|ITEM||Intaglio stone depicting Diana of Ephesus|
|PERIOD||2nd – 3rd Century A.D|
|DIMENSIONS||10 mm x 8 mm|
|PROVENANCE||Ex Austrian private collection, M.S. Collection, acquired before 1970|
Diana (among the Romans) or Artemis (among the Greeks) was the Goddess of the Moon and of the hunt. She was the virgin protectress of woodlands and wild animals, and is often depicted with a bow and arrows, which were used to punish mortals who angered her. She was the twin sister of Apollo, and the daughter of Jupiter (Zeus) and Latona (Leto).
The Ephesian Artemis, the “great mother goddess” also mentioned in the New Testament (Acts 19), was extremely popular in the ancient world, as we might deduce from the fact that copies of her cult statue have been excavated in many parts of the Roman Empire.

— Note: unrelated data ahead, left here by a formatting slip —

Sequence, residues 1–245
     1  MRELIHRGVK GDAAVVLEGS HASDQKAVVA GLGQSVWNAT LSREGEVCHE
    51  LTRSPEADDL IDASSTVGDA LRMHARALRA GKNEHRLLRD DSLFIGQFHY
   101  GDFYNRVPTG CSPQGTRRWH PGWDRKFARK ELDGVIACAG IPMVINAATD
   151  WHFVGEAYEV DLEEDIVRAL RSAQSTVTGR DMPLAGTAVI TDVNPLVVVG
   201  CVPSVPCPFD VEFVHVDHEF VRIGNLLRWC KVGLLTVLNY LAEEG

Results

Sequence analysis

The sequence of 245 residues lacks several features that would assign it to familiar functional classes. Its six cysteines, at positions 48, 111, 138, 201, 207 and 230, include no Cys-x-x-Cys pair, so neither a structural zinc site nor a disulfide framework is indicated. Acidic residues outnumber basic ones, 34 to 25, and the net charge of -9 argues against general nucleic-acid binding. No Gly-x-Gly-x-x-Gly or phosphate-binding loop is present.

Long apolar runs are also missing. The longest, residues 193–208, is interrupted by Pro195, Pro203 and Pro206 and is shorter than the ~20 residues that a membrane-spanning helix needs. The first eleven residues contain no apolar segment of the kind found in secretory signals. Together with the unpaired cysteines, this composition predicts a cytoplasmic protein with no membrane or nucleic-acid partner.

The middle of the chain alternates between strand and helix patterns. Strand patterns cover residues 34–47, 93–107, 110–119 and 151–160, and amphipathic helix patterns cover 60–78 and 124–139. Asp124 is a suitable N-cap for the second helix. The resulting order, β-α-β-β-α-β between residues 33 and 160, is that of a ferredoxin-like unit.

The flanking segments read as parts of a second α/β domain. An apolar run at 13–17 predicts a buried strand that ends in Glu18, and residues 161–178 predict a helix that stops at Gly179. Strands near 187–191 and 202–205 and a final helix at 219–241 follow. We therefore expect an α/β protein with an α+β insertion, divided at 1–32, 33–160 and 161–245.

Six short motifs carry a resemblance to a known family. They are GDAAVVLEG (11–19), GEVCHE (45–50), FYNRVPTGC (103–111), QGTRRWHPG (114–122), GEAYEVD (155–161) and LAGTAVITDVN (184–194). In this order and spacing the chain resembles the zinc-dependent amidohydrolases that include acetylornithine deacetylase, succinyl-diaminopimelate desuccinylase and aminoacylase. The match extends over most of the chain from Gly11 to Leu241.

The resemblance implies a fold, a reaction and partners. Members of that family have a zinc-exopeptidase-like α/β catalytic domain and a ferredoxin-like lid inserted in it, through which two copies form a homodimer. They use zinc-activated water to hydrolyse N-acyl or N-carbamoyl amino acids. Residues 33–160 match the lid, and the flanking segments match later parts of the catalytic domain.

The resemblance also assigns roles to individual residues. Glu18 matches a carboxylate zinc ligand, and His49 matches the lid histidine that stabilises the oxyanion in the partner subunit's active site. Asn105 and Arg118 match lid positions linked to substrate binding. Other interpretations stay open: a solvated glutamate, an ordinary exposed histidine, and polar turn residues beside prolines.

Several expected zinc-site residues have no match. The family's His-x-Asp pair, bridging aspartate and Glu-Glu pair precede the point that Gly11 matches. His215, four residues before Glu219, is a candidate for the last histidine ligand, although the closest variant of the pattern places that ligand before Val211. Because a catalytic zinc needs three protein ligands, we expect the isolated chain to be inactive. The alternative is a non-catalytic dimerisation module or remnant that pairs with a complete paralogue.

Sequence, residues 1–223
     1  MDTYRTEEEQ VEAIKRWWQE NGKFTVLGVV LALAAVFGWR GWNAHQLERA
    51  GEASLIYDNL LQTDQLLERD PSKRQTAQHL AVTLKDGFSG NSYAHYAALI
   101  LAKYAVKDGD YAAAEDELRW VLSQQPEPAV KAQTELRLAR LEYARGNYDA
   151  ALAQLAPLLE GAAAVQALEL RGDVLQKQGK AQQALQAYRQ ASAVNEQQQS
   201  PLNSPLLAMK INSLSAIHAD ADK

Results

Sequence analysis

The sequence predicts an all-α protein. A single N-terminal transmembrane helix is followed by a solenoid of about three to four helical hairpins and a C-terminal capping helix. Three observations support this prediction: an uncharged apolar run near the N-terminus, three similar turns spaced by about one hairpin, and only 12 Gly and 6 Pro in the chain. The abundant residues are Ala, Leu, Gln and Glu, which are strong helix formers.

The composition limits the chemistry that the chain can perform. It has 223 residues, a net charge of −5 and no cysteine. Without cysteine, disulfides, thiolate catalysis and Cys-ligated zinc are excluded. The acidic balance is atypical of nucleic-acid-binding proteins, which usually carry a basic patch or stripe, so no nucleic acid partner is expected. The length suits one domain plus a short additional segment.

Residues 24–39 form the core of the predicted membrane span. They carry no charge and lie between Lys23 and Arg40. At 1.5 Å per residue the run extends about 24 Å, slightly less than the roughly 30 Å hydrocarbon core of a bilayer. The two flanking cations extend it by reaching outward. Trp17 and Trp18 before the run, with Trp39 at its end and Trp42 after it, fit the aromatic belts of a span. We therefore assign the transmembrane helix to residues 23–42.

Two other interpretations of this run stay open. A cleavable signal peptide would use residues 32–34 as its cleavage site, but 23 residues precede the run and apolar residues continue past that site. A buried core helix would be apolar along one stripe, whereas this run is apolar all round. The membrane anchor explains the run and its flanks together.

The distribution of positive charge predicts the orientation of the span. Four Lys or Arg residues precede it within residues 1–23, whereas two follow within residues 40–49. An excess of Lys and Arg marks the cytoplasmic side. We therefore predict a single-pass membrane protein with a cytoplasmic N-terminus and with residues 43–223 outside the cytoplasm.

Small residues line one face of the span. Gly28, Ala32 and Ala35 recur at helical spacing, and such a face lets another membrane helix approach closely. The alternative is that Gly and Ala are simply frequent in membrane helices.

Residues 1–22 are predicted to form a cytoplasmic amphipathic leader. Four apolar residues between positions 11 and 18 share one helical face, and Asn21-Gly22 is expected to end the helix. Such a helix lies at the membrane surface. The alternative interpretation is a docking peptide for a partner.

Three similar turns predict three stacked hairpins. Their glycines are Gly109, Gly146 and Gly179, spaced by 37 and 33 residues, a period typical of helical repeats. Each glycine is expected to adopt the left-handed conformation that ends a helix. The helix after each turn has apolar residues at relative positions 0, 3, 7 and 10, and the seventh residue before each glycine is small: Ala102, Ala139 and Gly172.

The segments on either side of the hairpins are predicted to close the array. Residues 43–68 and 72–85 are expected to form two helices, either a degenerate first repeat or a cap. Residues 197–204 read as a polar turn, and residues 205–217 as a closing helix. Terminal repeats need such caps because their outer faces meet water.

The goddess was originally, before her cult was taken over by the Greeks, called “Artimus”, and her temple – one of the Seven Wonders of the Ancient World – received gifts from the Lydian king Croesus (c.560-c.547). She is related to other Anatolian mother goddesses, like Cybele. The Ephesians believed that Artemis was born in Ephesus (and not on Delos, as was commonly assumed), and accepted the shrine as an asylum.note. Later, the Persians patronized the cult; the high priest was called the “Megabyxus”, a Persian name that means “the one set free for the cult of the divinity”.
One of Artemis’ characteristics is that she protects fertility. This may be symbolized by the spherical objects that cover the lower part of her chest, but the common assumption that they are female breasts is incorrect. They probably represent the testicles of a bull, although they may also be gourds, which were known in Asia as fertility symbols for centuries. Artemis’ robe is always decorated with lions, leopards, goats, griffins, and bulls, which represent Artemis’ title of Lady of the Animals.